Syphilis (a bacterial first cousin of Lyme, by the way) may stay dormant for decades, though its presence can be shown by a positive result on an RPR test.

Chronic Lyme is a stealth organism
Chronic Lyme disease and other tick-borne illnesses are all classic stealth organisms. Lyme-carrying ticks are everywhere. Since deer are major tick carriers, you’d think every deer hunter in the US would have Lyme. At this moment, there are two chipmunks gamboling on my front steps. Since they’re basically cute little Lyme carriers, should I bite the bullet and blow them away?

Given the jillions of ticks out there and the thousands of square miles of exposed human skin, it’s certainly possible that (a) you’ve already been bitten by an infected tick (the average age for acquiring Lyme is 11), but (b) your immune system protected you from getting a full-blown case of acute Lyme. However, you now (c) harbor B. burgdorferi in a dormant state in your body, which (d) will likely never develop into the misery of chronic Lyme disease, unless…

To be continued next week.

In the interim, be well,
David Edelberg, MD

Leave a Comment

  1. Jill Hileman says:

    Never been so scared to leave my house. Ok, bad joke, but this is the stuff of nightmares. The predator you can’t see and never leaves. Sheesh.

  2. Kenn_32 says:

    While Lyme disease is currently the most reported and discussed tick vectored health issue, very little information is available on health problems that might be caused by more common ticks like wood ticks or dog ticks that have become quite prevalent in northern States such as my area of northeast Michigan.

    Although I try to protect myself from tick exposure, it’s been impossible to prevent an occasional attachment. I don’t believe the current version of removal within 24 hours will prevent any infection. If I find an attached tick and remove it properly and quickly, the bite site will still throw up a reaction with itching that will continue for a week or more. It’s been my wonder whether body aches that may be attributable to normal aging or perhaps overexertion when doing farm chores, may actually be from a tick vectored virus.

    More research needs to be done and reported on all tick species as to diseases they may carry and health problems they may cause, as well as ways to resolve infections.

  3. Sarah says:

    I have had Lyme (tested positive, symptomatic, untreated, resolved within a few weeks) twice. I haven’t had a relapse like the original infection which was horrible but went away with no lasting effects, but when stressed I get really exhausted. Also sometimes strange achey hands. I think it’s from the Lyme.

  4. John Cox says:

    Informative, timely, and helpful. Thank you.

  5. Carolyn says:

    As kids we played outside ALL the time, and somebody always had a tick attached. Wherever we lived, everyone’s parents did inspect, and taught us to inspect, at bed/bath time every night, without fail. Nobody talked about diseases–it was just common sense. I had my fair share of ticks as a kid and until now never once thought that any of the weird things that my body does might be related. But my question meanders in a different direction.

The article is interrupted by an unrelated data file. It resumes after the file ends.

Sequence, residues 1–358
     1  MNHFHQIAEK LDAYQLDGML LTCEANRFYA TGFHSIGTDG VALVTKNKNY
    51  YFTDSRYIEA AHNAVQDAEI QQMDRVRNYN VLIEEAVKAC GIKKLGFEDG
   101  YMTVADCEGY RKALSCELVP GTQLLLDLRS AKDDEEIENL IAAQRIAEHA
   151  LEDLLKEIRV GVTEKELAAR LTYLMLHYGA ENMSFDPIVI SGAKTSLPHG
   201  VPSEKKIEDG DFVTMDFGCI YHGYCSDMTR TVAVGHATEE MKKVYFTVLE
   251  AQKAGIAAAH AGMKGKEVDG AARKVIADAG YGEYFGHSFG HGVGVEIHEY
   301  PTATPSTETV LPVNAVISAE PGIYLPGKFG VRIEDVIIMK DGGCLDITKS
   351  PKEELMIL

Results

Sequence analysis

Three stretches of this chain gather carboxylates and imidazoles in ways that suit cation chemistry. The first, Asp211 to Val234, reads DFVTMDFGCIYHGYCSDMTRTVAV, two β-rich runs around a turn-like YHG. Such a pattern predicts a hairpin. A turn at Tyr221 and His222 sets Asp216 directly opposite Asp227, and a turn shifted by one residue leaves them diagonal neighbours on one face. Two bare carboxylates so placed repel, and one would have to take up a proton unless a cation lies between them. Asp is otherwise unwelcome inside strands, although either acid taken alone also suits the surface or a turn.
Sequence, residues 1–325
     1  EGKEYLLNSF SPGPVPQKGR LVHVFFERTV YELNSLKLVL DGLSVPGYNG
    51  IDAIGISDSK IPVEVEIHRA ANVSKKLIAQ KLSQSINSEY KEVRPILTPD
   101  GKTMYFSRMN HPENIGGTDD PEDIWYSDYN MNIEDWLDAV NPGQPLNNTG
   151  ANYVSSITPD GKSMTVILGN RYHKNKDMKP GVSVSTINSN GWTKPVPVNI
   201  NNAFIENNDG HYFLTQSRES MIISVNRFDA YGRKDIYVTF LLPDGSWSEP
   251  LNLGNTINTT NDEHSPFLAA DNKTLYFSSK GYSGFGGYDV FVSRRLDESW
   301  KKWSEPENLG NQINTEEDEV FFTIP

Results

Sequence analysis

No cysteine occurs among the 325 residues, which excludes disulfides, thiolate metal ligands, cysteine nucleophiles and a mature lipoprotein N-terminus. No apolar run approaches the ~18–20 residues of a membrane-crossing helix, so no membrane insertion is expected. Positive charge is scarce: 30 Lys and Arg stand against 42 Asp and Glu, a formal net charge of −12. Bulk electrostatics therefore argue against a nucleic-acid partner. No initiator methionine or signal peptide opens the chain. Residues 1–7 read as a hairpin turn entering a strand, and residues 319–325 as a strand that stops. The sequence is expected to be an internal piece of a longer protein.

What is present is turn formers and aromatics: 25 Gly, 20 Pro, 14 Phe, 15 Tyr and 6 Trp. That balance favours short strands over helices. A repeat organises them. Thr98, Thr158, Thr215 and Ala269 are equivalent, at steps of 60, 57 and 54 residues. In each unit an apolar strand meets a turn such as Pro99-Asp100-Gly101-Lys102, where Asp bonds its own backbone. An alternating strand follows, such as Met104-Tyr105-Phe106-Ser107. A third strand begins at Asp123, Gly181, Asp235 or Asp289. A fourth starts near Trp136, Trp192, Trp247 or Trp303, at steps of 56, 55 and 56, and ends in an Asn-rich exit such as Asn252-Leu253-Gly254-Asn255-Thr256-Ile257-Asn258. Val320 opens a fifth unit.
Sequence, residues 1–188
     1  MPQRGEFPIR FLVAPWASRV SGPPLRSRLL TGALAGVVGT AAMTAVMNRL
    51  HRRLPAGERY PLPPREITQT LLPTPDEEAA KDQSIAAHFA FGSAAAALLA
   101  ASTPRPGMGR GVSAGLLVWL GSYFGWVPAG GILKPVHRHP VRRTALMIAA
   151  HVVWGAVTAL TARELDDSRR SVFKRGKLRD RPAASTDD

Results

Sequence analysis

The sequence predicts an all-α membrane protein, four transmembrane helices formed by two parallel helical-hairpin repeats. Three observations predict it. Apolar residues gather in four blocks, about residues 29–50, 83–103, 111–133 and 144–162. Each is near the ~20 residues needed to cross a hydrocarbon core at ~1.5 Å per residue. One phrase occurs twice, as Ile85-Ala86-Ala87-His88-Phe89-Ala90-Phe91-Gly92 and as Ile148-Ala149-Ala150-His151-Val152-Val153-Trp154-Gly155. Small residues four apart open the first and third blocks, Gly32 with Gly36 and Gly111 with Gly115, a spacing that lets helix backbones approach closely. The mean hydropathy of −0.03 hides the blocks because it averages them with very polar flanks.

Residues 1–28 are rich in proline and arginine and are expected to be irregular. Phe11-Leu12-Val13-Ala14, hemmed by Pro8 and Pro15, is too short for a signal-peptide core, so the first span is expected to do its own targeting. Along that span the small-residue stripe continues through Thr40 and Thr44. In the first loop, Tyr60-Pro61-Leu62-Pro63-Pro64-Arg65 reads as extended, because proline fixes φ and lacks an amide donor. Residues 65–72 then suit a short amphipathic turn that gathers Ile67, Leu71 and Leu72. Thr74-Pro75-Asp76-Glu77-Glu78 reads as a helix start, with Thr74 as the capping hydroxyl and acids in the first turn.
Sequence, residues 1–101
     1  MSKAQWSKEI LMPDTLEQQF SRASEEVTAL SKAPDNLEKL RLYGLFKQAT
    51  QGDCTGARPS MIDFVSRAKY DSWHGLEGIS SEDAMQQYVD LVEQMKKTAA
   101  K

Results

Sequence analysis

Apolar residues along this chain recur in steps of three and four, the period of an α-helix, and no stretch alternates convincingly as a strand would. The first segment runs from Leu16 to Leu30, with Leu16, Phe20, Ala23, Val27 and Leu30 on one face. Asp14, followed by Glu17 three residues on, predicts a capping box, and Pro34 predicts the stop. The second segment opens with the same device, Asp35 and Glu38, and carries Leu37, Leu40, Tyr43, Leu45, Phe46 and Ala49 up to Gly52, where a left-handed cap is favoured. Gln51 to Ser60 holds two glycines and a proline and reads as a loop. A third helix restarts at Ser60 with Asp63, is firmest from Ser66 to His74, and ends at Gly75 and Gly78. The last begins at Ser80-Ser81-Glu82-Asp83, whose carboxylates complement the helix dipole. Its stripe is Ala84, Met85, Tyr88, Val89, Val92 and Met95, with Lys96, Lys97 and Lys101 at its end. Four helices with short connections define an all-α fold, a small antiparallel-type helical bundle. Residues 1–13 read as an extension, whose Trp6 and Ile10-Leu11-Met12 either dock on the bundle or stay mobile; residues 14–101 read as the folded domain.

When I was the mom of a toddler and a colicky newborn, my health took a serious nosedive and I was one of those women who had a hard time getting any kind of diagnosis. Years later, a teaching hospital specialist said I might (might!) have one of those odd stealth viruses, and that it would most likely recur as long as I lived. Because of that, I have chosen never be a blood donor, thinking that I’d never want to pass anything along to someone who already had enough battles to fight. Now I’m wondering. Surely there are gazillions of asymptomatic people giving blood but the people I know whose lives have been saved by receiving it don’t appear to come down with new, mysterious illnesses. Why is that? Can I donate blood safely? I’d start tomorrow if I thought it was OK.

  6. Dr E says:

    Only people with acute Lyme disease should not donate while on antibiotics. Otherwise blood banks do not screen for this and continue to accept donations

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Just print this out, tape it on your refrigerator door, and stay calm.


• Runny nose
• Sneezing
• Red, swollen eyes
• Itchy eyes and nose
• Tickly throat
• No fever

• Runny nose
• Sneezing
• Sore throat
• Mild muscle aches
• Mild dry cough
• Rarely a low fever

• Painful sore throat
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• Swollen glands in neck
• Fever

FLU (Standard seasonal flu)
• Fever
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• Sudden onset over few hours
• Headache
• Sore throat
• Fatigue, sometimes quite severe
• Muscle aches, sometimes quite severe
• Rarely, diarrhea

• Shortness of breath
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• Dry cough (no mucus)
• Slow onset (2-14 days)
• Mild muscle aches
• Mild fatigue